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these measures, were hanged. Intimidated by such acts of violence, the rest signed a deed of surrender which was laid before them, and in which they accused themselves of the most scandalous transgressions, and were obliged to declare that it was the greatest good fortune for their soul and body that they had been deprived of their abode, mode of life, and property; and with all this, the expelled Monks were prohibited, with equal inconsistency and cruelty, from marrying or availing themselves of any former hereditary right. Only in the case of Thomas à Becket, whose tomb was equally honoured and wealthy, it was thought necessary to make an exception, by appointing a special tribunal, which decided that he did not merit the name either of a saint or martyr, for that he had rebelled against his King, and had perished in a dispute which had been commenced by himself. He was therefore declared a traitor, his festival abolished, his property confiscated, and his statue broken in pieces. In pursuance of this sentence the royal Commissioners took possession of all the offerings, works of art, gold, and precious stones—an immense booty, and destroyed the rest. It was further remarked, as a consequence of the catholic opinions respecting saints, that on the altar of Becket, É954 had been offered in one year; on that of the Virgin Mary, £4. 1s. 8d.: upon the altar of God, nothing. But, unhappily, no less superstition and barbarism were exhibited in the suppression of the Convents. Within the space of three or four years, a great number of the finest churches, buildings, and works of art, were destroyed, out of hatred, avarice, and stupidity; church ornaments, books, and manuscripts demolished, thrown away, or burnt. If the sign of the cross was found in a book it was condemned as papistical; lines and figures passed for wicked sorceries: one person purchased two libraries for forty shillings.(*)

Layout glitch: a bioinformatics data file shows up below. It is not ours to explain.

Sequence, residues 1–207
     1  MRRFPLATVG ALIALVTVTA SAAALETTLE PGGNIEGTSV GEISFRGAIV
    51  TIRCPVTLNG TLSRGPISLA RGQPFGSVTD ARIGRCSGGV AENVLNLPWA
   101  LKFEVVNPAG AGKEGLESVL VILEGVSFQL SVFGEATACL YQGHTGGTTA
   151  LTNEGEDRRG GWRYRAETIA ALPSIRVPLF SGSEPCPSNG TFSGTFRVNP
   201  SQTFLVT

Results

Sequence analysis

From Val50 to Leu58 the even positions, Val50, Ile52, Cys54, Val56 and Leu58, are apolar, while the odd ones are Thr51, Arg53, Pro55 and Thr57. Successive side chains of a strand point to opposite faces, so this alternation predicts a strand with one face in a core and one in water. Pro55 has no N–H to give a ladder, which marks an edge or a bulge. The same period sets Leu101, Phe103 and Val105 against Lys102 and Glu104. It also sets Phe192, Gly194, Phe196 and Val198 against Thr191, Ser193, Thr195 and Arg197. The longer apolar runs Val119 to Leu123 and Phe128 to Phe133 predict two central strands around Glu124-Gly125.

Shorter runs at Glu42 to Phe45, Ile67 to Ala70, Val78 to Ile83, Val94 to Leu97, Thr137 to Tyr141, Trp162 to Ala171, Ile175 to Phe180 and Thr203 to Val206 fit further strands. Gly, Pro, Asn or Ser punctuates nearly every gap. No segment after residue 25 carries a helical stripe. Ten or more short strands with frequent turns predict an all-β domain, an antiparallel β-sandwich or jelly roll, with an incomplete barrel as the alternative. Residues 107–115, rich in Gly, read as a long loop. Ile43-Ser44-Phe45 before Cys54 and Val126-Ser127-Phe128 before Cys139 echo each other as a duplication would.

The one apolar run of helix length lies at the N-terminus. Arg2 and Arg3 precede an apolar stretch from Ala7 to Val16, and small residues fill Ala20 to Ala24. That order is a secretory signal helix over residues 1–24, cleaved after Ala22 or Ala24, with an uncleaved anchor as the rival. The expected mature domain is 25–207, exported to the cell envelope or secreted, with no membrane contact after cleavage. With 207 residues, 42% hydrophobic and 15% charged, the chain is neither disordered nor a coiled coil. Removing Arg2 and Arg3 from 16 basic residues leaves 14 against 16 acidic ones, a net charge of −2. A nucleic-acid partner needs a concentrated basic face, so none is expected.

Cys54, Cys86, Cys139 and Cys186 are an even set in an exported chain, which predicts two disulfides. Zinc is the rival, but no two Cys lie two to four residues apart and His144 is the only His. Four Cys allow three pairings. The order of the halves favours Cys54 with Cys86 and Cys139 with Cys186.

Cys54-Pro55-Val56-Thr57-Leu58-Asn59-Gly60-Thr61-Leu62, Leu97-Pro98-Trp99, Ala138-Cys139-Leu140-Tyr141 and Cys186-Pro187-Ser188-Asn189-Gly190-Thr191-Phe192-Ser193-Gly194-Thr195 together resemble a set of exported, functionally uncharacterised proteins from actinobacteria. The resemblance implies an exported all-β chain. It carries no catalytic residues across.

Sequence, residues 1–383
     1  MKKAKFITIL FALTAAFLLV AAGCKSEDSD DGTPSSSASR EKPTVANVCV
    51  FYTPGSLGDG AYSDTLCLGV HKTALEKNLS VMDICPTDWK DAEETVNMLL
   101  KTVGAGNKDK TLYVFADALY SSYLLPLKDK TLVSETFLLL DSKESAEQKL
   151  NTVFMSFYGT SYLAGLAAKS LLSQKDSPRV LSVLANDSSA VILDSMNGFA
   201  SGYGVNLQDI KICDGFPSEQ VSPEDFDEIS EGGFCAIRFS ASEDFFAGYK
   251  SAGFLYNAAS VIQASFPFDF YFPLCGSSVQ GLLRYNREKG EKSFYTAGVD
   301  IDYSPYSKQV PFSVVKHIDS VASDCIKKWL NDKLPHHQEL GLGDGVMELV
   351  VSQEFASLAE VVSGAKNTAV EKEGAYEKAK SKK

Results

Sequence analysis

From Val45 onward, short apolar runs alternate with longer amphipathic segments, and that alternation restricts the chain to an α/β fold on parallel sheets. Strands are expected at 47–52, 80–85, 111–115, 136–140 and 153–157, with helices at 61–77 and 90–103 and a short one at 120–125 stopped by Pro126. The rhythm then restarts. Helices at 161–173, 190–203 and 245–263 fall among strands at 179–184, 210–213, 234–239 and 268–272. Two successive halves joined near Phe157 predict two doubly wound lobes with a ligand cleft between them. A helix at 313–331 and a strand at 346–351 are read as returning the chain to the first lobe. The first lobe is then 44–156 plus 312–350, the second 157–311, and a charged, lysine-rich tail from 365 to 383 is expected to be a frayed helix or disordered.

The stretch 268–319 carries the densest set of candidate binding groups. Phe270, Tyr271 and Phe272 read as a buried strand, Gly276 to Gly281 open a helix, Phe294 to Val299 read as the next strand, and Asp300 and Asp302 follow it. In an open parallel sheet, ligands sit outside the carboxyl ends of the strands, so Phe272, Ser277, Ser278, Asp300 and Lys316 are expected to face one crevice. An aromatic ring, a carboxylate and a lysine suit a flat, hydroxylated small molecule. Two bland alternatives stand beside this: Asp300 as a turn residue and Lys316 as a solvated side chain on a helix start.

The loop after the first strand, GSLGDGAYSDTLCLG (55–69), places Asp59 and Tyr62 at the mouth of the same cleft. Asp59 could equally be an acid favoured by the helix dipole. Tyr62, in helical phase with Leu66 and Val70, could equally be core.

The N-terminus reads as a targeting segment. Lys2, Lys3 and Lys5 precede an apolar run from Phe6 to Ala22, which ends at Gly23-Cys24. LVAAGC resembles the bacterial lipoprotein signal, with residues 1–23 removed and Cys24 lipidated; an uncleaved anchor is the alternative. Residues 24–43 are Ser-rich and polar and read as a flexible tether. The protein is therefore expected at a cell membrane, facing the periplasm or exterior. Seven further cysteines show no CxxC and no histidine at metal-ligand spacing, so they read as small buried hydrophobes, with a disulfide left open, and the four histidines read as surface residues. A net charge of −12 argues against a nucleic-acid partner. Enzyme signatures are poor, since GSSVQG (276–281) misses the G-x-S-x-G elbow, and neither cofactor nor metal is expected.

Though much property had been secured by those who were threatened, and so much had been destroyed, the booty was still immense, and the King himself probably thought that he had at once become the richest, most powerful, and independent monarch in Europe. When he was urged by Cranmer, Latimer, and other well disposed prelates, to convert some of the foundations into schools, almshouses, and hospitals, or to employ a portion of the Church property for these purposes, they received a denial, and found themselvespainfully disappointed. Of all the extravagant hopes that had been excited, and of the promises which had been given, none were fulfilled; except that the King (it seemed almost a mockery,) appointed a couple of Bishops, and founded a couple of Professorships. In a few years nothing remained of all that had been gained, —every thing had been gambled or given away, squandered, embezzled, sold for a mere trifle, &c., and the old distress for money most unexpectedly returned. It is scarcely conceivable how this could happen, but indeed if the King gave a woman a Convent, because she had placed a good pudding before him (*), he might have made away in a short time with the Church property of all Christendom; and this proceeding was commended by many, because they thought that it increased the number of the opponents of those institutions, and rendered their restoration impossible. How much more judicious and moderate, in comparison with this conduct, was that of the protestant princes of Germany; and how natural that, after such a suppression of the Monasteries, their excellencies should again be brought forward(*),such as the maintenance of the poor, provision for younger sons and unmarried daughters; or for calm and enthusiastic minds, hospitality, laudable application to learning, &c. There was surely a better medium between the undisturbed existence of all abuses, and such a rude and barbarous mode of proceeding; and we may almost consider it fortunate that the pillage was followed by such senseless prodigality. For after the votes of so many of the Clergy were retrenched from the Upper House,(*) such enormous domains would have fully annihilated in future all the importance of the Parliament; and in fact Henry VIII., after this time, conducted himself in every respect as an intolerable tyrant.